Star Searching by Shebli Zarghami

     I have lived most of my life with the misconceived perception of my own superior intellect. My longstanding inability to comprehend this fact only stands to reaffirm its legitimacy. There was an extended period during which I was certain my wife’s extensive disparaging of my intelligence was just a form of ‘negging’ to ensure that I would not leave her. Reflections on my childhood, however, have brought to light an alarming amount of supporting evidence for her case.

     There is a story I like to tell at dinner parties (or used to, anyway) about my search for Star Search. As a five-year-old, I had no understanding of television programming or scheduling. One day, while watching television with my older sister, we came upon a wonderful show that had a mesmerizing collection of performers. There were people of all ages singing, dancing, telling jokes, being judged, and simply entertaining viewers like myself to no end. Well, not quite. There was an end, and it came just twenty minutes later. I was not ready to let go. The first sign of my potential intellectual inadequacy was that, due to a mix of shyness and because I often found explanations tedious and complicated, I rarely (if ever) asked questions about things I did not understand. Choosing indefinite ignorance over momentary ennui is a sizable red flag. Not the choice of champions. A good example of a question that might have stimulated some development of my mind would have been, for example, to ask my sister how a person might come upon Star Search again. Today, this entire issue seems absurd to me. There is obviously a schedule to everything. Still, the five-year-old version of me could not fathom how to regain access to this particular program. Over the course of a period that is far, far longer than I care to admit, I would turn on the television at varied intervals on a daily basis and scan through every channel at least three times before giving up again. Star Search continued to elude me. Once, when bedtime was arriving, I overheard the burly yet soothing voice of one Ed McMahon, and recognized it instantly. I ran to the living room and found my parents watching as Mr. McMahon, with his arm around a young boy, wished the audience a good night. Broken, I looked over at my parents, then down at my feet, while muttering to myself “I like this show.” The good parents that they are, they sensed my cry for help. They just had no clue what this particular cry happened to be. They looked at each other, confused, and suggested I get some sleep. In another sad twist, I distinctly recall quietly sobbing on my upper-bunk bed that night while my sister listened to music with headphones. Eventually, about a year later, I would catch on to the wizardry called ‘programming,’ and I did track down an episode of Star Search, but it was too late. Predictably, the show was not as good as I had recalled. There was no way that the show could live up to the expectations I had built during the chase.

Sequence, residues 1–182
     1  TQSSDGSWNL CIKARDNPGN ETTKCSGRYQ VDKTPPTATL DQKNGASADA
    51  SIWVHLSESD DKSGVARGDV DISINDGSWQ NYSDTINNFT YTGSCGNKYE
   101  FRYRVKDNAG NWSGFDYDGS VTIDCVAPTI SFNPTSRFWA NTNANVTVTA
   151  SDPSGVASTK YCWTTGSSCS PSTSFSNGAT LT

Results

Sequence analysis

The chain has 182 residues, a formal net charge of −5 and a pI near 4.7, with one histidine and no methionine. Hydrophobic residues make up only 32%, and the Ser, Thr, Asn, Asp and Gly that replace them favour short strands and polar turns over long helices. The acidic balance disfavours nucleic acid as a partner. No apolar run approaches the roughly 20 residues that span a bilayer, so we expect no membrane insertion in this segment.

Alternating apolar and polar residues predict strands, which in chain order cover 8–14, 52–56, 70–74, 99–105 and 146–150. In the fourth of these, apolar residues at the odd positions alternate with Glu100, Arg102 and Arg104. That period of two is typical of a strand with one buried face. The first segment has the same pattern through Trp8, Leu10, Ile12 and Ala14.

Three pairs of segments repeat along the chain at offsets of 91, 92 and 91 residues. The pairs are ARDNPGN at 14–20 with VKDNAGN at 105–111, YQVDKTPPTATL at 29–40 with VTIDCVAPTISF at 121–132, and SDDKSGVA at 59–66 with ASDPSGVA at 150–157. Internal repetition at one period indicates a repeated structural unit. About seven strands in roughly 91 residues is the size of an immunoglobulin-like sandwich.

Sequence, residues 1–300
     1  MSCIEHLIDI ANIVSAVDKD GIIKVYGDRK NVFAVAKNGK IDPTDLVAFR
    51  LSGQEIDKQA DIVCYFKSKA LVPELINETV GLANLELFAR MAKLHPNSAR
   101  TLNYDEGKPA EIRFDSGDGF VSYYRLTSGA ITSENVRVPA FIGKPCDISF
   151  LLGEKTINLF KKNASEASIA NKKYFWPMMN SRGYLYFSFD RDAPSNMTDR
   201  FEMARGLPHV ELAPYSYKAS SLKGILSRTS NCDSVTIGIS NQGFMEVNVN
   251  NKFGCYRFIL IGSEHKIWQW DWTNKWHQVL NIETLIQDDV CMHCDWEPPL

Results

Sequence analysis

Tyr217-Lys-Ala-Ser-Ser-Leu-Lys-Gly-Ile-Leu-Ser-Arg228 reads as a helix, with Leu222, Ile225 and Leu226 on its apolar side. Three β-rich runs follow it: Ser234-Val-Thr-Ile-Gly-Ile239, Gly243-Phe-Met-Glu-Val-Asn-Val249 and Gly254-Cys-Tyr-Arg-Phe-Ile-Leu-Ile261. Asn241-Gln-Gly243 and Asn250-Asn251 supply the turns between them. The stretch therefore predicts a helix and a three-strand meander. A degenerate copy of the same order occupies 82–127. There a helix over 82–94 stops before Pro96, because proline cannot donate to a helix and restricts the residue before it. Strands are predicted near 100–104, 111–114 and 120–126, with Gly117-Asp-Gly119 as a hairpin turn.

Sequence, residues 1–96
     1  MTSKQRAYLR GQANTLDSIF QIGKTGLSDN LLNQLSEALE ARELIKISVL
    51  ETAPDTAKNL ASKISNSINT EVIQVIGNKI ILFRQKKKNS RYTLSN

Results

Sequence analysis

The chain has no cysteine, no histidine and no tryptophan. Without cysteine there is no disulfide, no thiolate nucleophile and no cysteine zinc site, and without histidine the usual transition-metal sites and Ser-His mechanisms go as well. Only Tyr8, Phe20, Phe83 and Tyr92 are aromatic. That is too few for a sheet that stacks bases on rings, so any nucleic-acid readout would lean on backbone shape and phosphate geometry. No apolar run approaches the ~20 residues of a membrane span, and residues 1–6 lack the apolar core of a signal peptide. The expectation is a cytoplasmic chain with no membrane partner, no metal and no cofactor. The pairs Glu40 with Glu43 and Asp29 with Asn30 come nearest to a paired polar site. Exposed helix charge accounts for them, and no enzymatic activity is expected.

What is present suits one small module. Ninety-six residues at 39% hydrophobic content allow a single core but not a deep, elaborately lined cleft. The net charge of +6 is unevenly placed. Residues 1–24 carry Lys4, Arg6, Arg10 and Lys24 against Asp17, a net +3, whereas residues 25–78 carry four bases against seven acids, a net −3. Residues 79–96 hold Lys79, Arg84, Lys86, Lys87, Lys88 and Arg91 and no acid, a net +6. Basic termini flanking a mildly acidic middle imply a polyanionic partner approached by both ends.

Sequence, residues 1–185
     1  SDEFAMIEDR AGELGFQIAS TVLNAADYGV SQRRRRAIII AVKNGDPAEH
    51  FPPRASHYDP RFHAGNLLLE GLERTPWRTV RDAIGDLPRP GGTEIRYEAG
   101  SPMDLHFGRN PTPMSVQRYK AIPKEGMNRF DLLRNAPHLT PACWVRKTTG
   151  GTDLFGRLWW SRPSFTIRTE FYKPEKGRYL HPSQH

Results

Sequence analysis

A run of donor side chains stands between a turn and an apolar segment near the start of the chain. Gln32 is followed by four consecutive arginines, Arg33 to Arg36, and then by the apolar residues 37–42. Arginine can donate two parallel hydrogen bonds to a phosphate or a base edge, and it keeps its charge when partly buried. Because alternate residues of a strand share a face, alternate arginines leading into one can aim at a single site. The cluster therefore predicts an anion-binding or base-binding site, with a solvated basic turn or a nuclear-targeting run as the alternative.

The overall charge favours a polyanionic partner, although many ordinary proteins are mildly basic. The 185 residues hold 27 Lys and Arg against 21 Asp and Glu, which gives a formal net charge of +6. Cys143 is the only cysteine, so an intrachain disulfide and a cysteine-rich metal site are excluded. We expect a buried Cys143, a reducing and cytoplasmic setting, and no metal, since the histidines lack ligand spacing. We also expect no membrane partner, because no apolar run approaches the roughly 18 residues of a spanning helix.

As I mentioned earlier, I often told this story at dinner parties. I now realize that there is a disconcerting element to that, in and of itself. Furthermore, it has also come to my attention that it was not particularly common for five year-olds to not comprehend the concept of scheduled programming. This realization took some of the shine off of my cute story. The darkness that is my newfound introspection into my own stupidity, however, came as a result of some inadvertent research. While arguing with my wife after one of my more vivid retellings of the Star Search story at one of her law firm’s work functions, we came to look up the show on the Internet Movie Data Base. While I had already become aware that many five year olds, even in my generation, would have been able to track down a show they wanted to find, I had always known that nine year olds should be able to do the same. As my wife indelicately observed, Star Search only began airing shortly after my ninth birthday. Which brings me to my introspection. I believe my wife when she says she wasn’t ‘negging’ when she called me a high functioning retard, but the irony is that I’m starting to seriously consider leaving her.

Joseph Zargha

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